Cas is still looking at him when Dean dares to meet his gaze, a light behind his eyes that is making it hard for Dean to look away again. “Of course, Dean,” he says, still smiling softly.
Dean clears his throat again, nervously flexes his hand at his side. “Right. Uh. Goodnight then, I guess.” He turns and makes his way to his room, keeping his head down the entire way and trying to forget about the way Cas had felt all warm and up close to him. Hanging onto things he can't have is not going to help him sleep. Dean's already had more family around tonight than he had dared hope for – he can deal with being on his own again now.
Still, when he enters his quiet room he doesn't flick on the main light, just the one on his nightstand, because it's warmer and softer and makes the room seem less empty by virtue of keeping most of it in the dark. Dean sits down on the edge of his bed, then tugs his legs up because he didn't pull his boots back on earlier and the floor is cold. He rests his aching left hand on his knee, and replays the last few hours in his head, the warmth and the light and the laughter.
He must get lost in head for a while, because it takes Cas knocking on his open door for Dean to notice him. Dean looks up in surprise, and Cas hovers awkwardly in the doorway, “Can I come in?”
Cas has rarely ever been in Dean's room. It makes sense – Cas has his own room, and the TV is in Sam's room. Even when he comes to wake Dean or to ask him something, he's always reluctant about entering, and usually leaves quickly. The only time he ever came in and stayed for a while was one night when Dean had screamed himself awake after one of his capital-b Bad nightmares. The ones Dean barely ever remembers the content of but that leave him bathed in cold sweat and clawing at the sheets in terror. Cas had come in while Dean was sitting cross-legged on his bed, holding his head in his hands and willing his hammering heart to slow down. He'd approached Dean carefully, broadcasting his movements, and then slowly sat down across from Dean. Keeping enough space between them that Dean wouldn't feel crowded, that he had room to breathe, but close enough that Dean could see the rise and fall of his chest and calm his own breathing down by listening to Cas breathe. Dean hadn't talked, and Cas hadn't asked anything of him. Just stayed there with him until Dean felt calm enough to lie back down and curl up on his side. Cas was gone in the morning, and Dean kept lying in bed for several long minutes, with his eyes closed, pretending Cas was still there, so he could hold on to the rare feeling of safety.
Now, Dean blinks at Cas in confusion for a moment, before his voice box gets with the program and he stammers out a “Yeah, what's up?”
Cas comes in and closes the door behind himself. He's changed into a soft t-shirt and striped pajama bottoms. It makes him look both utterly domestic and strangely vulnerable, and something in Dean's chest constricts with longing. Cas' eyes flicker over to Dean and then away again, he sounds nervous when he says, “There's uhm. There's something I'd like to give you.” He comes over, socked feet quiet on the stone floor, and sits beside Dean on the bed. It's almost as close as they had sat on Sam's bed, but this time there's no lack of space to use as an excuse. Dean's mouth is dry, and his heart is hammering, and when Cas meets his eyes Dean feels utterly incapable of saying even a single word. There's sincerity in Cas' eyes, and a little bit of fear, and a longing that Dean thinks he knows from himself. And then Dean's breath catches, because Cas carefully takes Dean's face in his hands, and the tenderness of the gesture is enough to make Dean's throat close up the rest of the way. Cas seems to wait for him to move away, and when Dean doesn't, he leans forward slowly and kisses Dean on the mouth.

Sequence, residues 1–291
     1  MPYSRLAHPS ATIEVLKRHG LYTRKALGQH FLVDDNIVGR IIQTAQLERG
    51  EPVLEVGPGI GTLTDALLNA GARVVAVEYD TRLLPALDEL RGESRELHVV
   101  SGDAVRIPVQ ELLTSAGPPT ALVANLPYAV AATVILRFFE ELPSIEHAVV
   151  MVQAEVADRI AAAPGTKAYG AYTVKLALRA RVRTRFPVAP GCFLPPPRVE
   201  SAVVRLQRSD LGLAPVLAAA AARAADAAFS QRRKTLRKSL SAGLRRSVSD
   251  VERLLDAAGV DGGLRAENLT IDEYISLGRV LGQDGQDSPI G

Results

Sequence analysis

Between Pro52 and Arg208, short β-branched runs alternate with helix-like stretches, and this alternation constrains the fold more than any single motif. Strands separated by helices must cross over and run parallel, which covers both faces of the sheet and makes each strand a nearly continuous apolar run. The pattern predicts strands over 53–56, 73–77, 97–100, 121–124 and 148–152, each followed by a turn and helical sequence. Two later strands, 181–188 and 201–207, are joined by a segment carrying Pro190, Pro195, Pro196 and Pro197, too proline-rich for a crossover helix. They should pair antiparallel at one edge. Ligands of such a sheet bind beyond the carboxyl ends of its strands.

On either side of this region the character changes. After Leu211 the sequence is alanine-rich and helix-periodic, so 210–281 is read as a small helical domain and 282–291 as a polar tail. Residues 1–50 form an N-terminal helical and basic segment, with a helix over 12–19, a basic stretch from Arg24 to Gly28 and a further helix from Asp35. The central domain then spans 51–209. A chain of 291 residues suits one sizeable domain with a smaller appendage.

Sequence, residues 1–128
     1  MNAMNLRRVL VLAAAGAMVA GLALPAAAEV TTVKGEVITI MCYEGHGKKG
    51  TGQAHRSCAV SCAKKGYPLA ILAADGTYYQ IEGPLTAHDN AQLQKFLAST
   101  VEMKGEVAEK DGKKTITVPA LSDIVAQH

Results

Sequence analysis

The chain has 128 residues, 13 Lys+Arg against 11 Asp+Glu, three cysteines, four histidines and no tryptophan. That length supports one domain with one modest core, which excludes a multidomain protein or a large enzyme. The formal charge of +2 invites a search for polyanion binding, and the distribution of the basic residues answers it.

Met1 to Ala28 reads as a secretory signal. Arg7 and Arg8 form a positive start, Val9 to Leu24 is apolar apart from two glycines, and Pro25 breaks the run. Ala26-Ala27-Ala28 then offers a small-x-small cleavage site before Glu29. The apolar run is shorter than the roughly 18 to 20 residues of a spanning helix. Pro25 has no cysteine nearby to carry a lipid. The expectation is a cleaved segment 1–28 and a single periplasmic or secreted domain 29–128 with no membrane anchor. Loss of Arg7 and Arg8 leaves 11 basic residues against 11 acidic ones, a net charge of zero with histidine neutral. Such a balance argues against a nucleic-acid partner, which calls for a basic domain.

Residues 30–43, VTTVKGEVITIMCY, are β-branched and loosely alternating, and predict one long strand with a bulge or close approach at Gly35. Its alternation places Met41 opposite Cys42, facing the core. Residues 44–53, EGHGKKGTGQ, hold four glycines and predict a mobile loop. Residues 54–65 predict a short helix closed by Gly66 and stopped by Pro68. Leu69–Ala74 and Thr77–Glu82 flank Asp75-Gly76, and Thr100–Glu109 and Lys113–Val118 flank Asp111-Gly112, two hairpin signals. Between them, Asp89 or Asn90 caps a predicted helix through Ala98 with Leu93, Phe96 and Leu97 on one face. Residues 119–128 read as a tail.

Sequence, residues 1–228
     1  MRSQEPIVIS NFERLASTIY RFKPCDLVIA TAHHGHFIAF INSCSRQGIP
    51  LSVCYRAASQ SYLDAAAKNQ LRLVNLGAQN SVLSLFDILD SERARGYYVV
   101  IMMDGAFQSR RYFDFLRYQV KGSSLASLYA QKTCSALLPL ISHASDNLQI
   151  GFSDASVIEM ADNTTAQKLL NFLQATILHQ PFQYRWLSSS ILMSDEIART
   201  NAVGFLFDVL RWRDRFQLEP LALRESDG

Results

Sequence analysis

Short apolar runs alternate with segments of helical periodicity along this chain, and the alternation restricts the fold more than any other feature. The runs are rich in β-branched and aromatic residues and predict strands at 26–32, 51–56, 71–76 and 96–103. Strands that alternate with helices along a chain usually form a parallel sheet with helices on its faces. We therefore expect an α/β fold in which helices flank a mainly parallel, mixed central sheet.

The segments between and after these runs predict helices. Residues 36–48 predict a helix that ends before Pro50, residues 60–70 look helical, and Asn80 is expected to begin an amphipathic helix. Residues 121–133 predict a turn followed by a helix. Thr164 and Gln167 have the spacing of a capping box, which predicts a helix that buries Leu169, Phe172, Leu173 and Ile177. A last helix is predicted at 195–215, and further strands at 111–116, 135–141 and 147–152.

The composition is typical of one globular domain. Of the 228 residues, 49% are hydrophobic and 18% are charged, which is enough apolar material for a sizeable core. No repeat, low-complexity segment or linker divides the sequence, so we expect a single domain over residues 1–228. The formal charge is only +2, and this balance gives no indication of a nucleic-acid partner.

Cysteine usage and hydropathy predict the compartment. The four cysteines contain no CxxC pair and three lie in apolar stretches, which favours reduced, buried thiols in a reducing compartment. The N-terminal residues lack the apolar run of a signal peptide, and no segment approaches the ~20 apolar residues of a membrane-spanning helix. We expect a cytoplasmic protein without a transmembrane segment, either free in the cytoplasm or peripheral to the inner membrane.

Dean's eyes flutter shut, he sighs against Cas' mouth, curls his good hand loosely around Cas' wrist in a desperate effort to keep him from drawing away again. His heart is beating so fast he can barely draw breath around it, but it doesn't matter, all that matters is the soft warmth of Cas' mouth, the way Cas moans and presses in when Dean opens his mouth, surrendering himself utterly. Dean looses track of time for a while, of anything but this moment. He comes back to himself slowly when Cas presses a few more soft kisses on his mouth and then leans away, his hands still on Dean's face and his thumb stroking circles over Dean's unbruised cheekbone. Cas is watching him when Dean opens his eyes again, so close that Dean can feel Cas' breath ghosting over his skin when Cas asks, “Can I stay here? I don't want you to be alone tonight.” Dean's heart misses a beat, his breath catches. Cas is still holding Dean's face though his thumb has stopped moving, sadness mixing in with the warmth in his eyes. “When I found you earlier – Dean, I never want to see you so alone again.”
Dean's eyes are stinging. It's all he can do to lean forward, and bury his face in Cas' neck, and breathe the “Yeah okay” out against his shoulder. This close, he can hear Cas swallow, and then Cas carefully and hesitantly moves his arms up to gather Dean close. He leans back so they can both stretch out across the bed, and then just holds Dean. Lets Dean clutch at him in return, and hide his expression by laying his head on Cas' chest and turning his face away. It's been so long since someone's done this, just held Dean and touched him with affection. And it's Cas, who knows Dean better than almost anyone else and still wants to be with him. And for once, Dean doesn't move away, and doesn't rub angrily at his eyes, just stays right there in the quiet night and soft light of the lamp, with his head on Cas' chest, listening to the beat of his heart.